Full Story (comments: 17)
An announcement of the revival of
linux-tiny, a set of patches aimed at reducing the footprint of the
kernel, mainly for the embedded world, has led to a number of linux-kernel
threads. The conversations range from the proper place for linux-tiny to
reside to the removal of the enormous number of printk() strings
in the kernel. They provide an interesting glimpse into the kernel
The linux-tiny project was started
by Matt Mackall in December 2003 with the aim to "collect patches that
reduce kernel disk and memory footprint as well as tools for working
on small systems." LWN covered
the announcement at the time and tried out the patches more than
a year ago. Many of the linux-tiny features have found their way into the
mainline, but quite a few still remain outside.
The Consumer Electronics Linux Forum (CELF) is behind the effort to revive
the project, with Tim Bird, architecture group chair, announcing the plan,
including a new maintainer, Michael Opdenacker. The first step has been
mostly completed, bringing the patches forward from the 2.6.14 kernel to
2.6.22. A status
page has been established to track the progress of updating the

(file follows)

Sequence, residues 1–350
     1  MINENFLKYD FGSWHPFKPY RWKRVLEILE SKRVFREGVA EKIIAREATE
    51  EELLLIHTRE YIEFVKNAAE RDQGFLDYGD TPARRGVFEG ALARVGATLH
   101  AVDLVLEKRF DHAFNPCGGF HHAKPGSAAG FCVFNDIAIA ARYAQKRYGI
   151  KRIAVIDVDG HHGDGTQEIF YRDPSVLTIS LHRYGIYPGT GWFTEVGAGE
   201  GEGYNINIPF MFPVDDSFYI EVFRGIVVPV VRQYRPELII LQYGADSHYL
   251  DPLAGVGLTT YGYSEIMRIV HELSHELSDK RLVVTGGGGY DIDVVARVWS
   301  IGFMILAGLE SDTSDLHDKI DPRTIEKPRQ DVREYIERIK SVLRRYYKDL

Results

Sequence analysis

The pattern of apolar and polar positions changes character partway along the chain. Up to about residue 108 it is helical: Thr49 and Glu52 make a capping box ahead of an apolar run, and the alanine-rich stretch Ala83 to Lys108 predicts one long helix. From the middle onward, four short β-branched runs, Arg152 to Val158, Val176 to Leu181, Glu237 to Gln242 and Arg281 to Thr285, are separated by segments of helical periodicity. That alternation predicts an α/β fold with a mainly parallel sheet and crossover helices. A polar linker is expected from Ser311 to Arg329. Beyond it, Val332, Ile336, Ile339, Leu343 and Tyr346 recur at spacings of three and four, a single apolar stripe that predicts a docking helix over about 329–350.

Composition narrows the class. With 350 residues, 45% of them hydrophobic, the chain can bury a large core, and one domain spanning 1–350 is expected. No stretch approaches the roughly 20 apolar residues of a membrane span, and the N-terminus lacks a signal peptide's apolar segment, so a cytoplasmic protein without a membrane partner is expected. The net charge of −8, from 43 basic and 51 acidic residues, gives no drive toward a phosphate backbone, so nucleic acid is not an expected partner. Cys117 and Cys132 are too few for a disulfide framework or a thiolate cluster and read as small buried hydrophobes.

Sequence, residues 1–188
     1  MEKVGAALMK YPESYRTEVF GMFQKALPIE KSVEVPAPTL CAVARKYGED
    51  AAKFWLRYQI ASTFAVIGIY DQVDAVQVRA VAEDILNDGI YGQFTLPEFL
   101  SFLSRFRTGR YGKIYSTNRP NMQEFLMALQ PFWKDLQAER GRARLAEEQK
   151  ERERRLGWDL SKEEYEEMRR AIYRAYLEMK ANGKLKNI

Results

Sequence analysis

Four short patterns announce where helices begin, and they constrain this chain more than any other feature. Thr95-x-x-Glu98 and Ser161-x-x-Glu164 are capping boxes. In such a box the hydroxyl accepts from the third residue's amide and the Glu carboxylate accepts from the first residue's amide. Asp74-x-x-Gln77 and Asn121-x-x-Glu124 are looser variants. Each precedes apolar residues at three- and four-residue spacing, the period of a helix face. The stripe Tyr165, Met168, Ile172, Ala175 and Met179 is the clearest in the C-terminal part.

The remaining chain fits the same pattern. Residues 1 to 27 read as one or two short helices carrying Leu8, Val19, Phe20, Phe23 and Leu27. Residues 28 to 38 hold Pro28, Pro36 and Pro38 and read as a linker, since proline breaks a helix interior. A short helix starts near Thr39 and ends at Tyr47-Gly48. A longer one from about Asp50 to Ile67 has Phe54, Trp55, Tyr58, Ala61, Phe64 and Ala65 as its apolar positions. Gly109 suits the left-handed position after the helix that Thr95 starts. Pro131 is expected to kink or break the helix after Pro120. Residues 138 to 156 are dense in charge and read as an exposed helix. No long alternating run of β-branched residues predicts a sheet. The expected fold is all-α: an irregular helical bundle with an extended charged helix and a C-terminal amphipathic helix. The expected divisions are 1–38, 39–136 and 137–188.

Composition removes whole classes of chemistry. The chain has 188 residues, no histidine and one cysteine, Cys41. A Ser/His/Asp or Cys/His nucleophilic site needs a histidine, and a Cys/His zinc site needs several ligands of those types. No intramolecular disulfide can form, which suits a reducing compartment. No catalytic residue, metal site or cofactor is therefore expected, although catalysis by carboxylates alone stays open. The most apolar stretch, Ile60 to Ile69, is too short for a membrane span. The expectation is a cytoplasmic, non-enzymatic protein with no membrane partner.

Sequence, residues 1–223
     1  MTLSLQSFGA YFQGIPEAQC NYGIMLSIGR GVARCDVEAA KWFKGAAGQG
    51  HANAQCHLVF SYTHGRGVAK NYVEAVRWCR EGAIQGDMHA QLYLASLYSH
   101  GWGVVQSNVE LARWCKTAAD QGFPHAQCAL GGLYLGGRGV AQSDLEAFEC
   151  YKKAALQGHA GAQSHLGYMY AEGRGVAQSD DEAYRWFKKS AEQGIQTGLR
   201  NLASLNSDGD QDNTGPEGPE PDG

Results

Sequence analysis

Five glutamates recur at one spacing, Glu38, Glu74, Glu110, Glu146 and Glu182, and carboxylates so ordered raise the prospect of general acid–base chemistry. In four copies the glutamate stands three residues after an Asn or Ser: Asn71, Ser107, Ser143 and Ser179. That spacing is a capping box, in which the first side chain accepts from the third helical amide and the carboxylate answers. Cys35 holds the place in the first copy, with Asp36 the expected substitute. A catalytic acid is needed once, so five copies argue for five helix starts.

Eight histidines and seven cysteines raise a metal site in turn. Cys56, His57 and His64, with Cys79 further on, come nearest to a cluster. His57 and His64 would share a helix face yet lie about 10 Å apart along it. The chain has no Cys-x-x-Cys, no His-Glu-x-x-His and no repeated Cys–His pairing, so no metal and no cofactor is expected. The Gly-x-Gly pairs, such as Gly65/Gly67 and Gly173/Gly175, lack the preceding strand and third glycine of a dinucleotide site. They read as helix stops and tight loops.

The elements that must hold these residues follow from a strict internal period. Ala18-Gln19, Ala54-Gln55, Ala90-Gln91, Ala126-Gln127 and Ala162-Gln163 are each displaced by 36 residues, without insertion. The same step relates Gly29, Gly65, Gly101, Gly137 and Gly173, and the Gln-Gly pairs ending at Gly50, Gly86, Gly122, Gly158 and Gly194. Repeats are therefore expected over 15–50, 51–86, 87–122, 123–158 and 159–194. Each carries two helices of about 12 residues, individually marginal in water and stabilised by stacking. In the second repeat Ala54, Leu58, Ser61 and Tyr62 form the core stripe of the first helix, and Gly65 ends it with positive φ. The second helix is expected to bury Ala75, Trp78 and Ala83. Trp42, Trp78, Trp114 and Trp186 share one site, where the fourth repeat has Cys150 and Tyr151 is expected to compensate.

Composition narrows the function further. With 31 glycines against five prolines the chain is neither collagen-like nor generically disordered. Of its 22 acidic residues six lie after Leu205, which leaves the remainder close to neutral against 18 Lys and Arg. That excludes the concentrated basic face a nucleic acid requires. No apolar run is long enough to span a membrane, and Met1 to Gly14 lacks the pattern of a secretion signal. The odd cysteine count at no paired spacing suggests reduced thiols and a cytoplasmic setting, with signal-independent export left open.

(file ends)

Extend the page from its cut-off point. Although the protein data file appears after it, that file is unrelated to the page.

patches, but it is clear that moving them into the mainline, rather than
maintaining them as patches, is a big motivation behind the revival.
Andrew Morton immediately volunteered to manage the linux-tiny patches in an answer to the revival message:
Seriously, putting this stuff into some private patch collection should
be a complete last resort - you should only do this with patches which
you (and the rest of us) agree have no hope of ever getting into mainline.
Reactions were quite favorable, with the maintainer, Opdenacker responding:
Andrew, you're completely right... The patches should all aim at being
included into mainline or die.
I'm finishing a sequence of crazy weeks and I will have time to send you
patches one by one next week, starting with the easiest ones.
The full patchset will live in a separate repository as the individual
patches are being
worked on for inclusion, but it is clear that no one wants to continuously
maintain and out-of-tree patchset for a long time. The cost of ensuring
that the patches do not bitrot is large and their inclusion in the mainline
will get them in the hands of more developers.
From there, more detailed discussion of how to structure the patches - and